Systematic, Synthetic Phonics (SSP): Help us make a change. Sign our petition.
Tuesday 2 November 2021
We believe that the sole use of Systematic, Synthetic Phonics (SSP) teaching programmes does not meet the needs of all students, especially those with dyslexia.
Help us make a change.
What is the BDA asking the Government to do?
We are asking the Government to revise their guidance on teaching reading which was published in the Reading Framework in July 2021. This guidance promotes the use of Systematic Synthetic Phonics (SSP) as the sole method for teaching reading.
Instead, we are asking the Government to support teachers to teach a structured, cumulative, and multi-sensory approach and a range of strategies alongside phonics instruction.
We know that SSP is a highly developed way to teach reading, and a critically important part of the beginning reading programme, but it has its limitations.
Why is the BDA asking for this?
When SSP is used as the only method to teach reading, it does not work for up to 25% of children , particularly those with dyslexia.
Dyslexic children and others with reading difficulties cannot learn to read just by learning phonics. They need explicit teaching and benefit when a range of approaches to teaching reading are used alongside phonics. We are asking for SSP instruction to be integrated into broader reading schemes, rather than used as the only method.
English is a difficult language to learn because it does not have a clear sound to letter correspondence. So many words are not pronounced as they are spelled.
Poor reading prevents children from accessing the school curriculum and has a lifelong impact, significantly narrowing future work and life choices.
 (McMurray, 2020, 2021; McMurray & Thompson 2016.)
What is SSP?
SSP stands for Systematic Synthetic Phonics. It is an approach which teaches children to recognise letters (graphemes) and their associated sounds (phonemes). It is also known as alphabetic phonics and involves breaking the word down into the smallest units of sound. So, for example the word “stand” has 5 sounds s/t/a/n/d.
Some children cannot acquire orthographic knowledge with this method alone. Orthographic knowledge is understanding that the sounds in a language are represented by written or printed symbols (i.e. letters of the alphabet) It is essential for sight word recognition, reading fluency and spelling development. Orthographic knowledge involves knowing if a word looks right. Most children acquire this implicitly from learning to read, but a significant minority do not acquire this skill automatically. For these children, phonics must be taught at the orthographic and alphabetic levels.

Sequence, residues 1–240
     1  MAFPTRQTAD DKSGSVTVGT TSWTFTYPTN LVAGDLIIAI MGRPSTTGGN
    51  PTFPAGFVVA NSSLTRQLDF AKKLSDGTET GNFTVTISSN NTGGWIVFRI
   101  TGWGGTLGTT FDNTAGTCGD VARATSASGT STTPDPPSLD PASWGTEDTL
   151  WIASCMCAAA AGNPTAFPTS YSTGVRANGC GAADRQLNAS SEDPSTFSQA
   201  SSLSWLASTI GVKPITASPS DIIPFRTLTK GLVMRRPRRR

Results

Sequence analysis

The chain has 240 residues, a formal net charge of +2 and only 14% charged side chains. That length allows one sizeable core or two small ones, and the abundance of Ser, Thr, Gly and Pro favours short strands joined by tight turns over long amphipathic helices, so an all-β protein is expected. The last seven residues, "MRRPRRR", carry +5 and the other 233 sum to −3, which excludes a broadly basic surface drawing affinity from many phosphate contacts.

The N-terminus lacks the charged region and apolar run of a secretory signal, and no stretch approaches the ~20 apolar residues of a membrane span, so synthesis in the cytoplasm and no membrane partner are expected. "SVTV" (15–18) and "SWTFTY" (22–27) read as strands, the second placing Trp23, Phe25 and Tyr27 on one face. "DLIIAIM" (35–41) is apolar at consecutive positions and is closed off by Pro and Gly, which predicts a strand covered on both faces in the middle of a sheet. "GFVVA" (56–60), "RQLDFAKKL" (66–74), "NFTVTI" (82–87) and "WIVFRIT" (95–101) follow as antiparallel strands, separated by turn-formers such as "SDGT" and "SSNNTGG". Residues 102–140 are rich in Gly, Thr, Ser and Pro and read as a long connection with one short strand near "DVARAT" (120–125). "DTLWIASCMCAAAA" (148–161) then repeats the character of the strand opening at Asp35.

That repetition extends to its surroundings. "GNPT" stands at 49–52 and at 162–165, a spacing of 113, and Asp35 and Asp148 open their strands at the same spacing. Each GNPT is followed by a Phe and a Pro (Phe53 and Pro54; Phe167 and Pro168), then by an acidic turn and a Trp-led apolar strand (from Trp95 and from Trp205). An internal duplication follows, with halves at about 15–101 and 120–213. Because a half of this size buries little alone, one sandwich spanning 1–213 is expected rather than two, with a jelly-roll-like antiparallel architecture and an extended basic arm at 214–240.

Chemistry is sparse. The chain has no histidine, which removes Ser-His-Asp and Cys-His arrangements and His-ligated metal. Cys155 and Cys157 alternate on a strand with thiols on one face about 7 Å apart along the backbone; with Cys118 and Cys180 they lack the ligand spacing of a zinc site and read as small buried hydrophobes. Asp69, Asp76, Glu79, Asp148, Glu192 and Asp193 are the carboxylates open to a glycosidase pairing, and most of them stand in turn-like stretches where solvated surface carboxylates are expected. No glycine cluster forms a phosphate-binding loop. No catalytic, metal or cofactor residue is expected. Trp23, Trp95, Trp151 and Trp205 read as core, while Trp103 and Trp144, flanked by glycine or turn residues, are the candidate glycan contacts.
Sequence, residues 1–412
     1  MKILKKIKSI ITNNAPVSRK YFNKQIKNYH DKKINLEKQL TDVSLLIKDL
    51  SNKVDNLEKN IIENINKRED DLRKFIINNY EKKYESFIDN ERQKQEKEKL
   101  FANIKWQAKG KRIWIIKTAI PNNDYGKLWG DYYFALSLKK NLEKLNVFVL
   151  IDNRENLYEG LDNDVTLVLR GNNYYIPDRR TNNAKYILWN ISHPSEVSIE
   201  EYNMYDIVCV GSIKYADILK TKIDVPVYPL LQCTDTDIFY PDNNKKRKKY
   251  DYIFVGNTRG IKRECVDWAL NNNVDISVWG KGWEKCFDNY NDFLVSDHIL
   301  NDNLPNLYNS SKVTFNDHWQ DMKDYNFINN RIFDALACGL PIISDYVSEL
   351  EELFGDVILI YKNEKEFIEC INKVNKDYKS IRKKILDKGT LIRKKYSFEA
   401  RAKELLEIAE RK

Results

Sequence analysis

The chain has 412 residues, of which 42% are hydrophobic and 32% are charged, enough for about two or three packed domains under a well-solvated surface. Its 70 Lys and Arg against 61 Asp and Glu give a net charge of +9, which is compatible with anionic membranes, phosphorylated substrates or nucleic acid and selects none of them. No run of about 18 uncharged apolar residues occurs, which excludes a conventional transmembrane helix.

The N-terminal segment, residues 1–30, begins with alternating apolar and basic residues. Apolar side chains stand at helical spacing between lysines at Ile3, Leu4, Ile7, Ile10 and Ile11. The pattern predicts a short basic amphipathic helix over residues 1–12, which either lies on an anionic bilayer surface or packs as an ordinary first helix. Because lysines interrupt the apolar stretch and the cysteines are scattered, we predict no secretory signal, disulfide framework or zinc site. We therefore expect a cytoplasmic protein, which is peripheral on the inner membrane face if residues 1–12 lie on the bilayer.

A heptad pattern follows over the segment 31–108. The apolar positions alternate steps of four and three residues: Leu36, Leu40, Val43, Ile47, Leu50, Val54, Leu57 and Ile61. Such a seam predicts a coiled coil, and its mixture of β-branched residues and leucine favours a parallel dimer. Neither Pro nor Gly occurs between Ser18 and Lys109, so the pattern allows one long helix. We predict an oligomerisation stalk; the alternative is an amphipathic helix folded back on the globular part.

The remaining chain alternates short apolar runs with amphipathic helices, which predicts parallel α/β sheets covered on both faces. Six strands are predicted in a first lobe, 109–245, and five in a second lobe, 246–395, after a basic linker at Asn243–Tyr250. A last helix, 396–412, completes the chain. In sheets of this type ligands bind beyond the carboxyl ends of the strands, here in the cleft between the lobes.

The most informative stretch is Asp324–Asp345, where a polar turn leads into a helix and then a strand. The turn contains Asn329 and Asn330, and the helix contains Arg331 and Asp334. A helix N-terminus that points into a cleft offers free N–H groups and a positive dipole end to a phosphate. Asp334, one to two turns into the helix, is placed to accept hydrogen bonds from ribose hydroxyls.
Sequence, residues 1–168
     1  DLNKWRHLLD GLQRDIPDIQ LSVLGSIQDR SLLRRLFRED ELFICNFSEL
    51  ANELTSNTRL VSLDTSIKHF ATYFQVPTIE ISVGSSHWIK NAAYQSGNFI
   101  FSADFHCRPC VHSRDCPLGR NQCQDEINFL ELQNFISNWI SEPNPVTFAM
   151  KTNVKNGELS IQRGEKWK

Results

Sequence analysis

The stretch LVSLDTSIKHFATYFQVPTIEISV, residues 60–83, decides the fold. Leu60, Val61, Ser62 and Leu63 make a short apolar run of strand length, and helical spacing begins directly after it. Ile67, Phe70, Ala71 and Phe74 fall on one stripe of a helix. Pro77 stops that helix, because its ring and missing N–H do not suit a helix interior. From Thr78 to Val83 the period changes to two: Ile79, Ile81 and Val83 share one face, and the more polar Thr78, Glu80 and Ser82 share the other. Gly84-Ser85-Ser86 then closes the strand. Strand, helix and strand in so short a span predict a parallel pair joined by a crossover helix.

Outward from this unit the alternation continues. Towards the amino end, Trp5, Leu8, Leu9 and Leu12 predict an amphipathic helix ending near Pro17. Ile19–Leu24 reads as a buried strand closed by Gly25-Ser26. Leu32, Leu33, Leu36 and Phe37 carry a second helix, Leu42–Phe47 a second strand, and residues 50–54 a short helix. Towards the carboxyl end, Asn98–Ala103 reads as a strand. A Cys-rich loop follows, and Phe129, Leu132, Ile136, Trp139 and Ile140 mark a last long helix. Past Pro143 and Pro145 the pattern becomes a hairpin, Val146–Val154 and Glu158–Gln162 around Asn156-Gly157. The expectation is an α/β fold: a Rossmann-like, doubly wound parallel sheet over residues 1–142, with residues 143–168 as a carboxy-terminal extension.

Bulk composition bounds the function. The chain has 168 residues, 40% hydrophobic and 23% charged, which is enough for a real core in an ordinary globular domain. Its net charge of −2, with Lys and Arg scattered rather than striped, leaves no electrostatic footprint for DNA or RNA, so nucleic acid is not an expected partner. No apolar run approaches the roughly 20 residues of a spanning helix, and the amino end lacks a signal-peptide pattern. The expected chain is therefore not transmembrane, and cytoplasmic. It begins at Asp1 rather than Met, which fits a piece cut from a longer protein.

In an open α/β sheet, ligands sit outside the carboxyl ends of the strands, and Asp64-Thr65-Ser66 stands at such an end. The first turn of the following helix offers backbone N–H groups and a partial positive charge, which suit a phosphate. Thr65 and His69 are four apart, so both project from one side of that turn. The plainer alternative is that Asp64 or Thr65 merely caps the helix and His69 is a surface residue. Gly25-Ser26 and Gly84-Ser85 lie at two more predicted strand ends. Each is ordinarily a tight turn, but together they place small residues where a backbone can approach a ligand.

Orthographic level phonics includes teaching children:
- onset and rime patterns (such as best, west, test, rest)
- syllables (such as in/ter/est/ing)
- irregular or “tricky” words (such as the, eye, are, yacht, queue
For children with dyslexia, SSP is a significant contributor to reading failure because of the focus on taking each sound in turn.
Is there any research to support this?
There is substantial evidence spanning 35 years which demonstrates that as many as a quarter of all children cannot learn to read just by learning phonics, including most children with dyslexia and other specific learning difficulties. Children with reading difficulties need explicit teaching and benefit when a range of approaches to teaching reading are used alongside synthetic phonics.
- Bowers, PG and Wolf, M (1993) Triple deficit hypothesis in phonological, naming speed and orthographic skills
- Gathercote & Alloway (2008); Alloway (2011); Alloway & Alloway (2015)
- Goswami, U (1986) Analogies and learning to read
- Goulandris, N (Ed) (2003) Dyslexia in different languages
- McMurray. S (2021) Understanding Difficulties in Literacy Development (book in press)
- Muter et al (2004) Phonemes, rimes,vocabulary, and grammatical skills as foundations of early reading development.
- Stanovich, K (1988, Reitsma, P (1989), Breznitz, Z (2006) Children with dyslexia have difficulty with automatic word recognition due to difficulties establishing unitised orthographic patterns.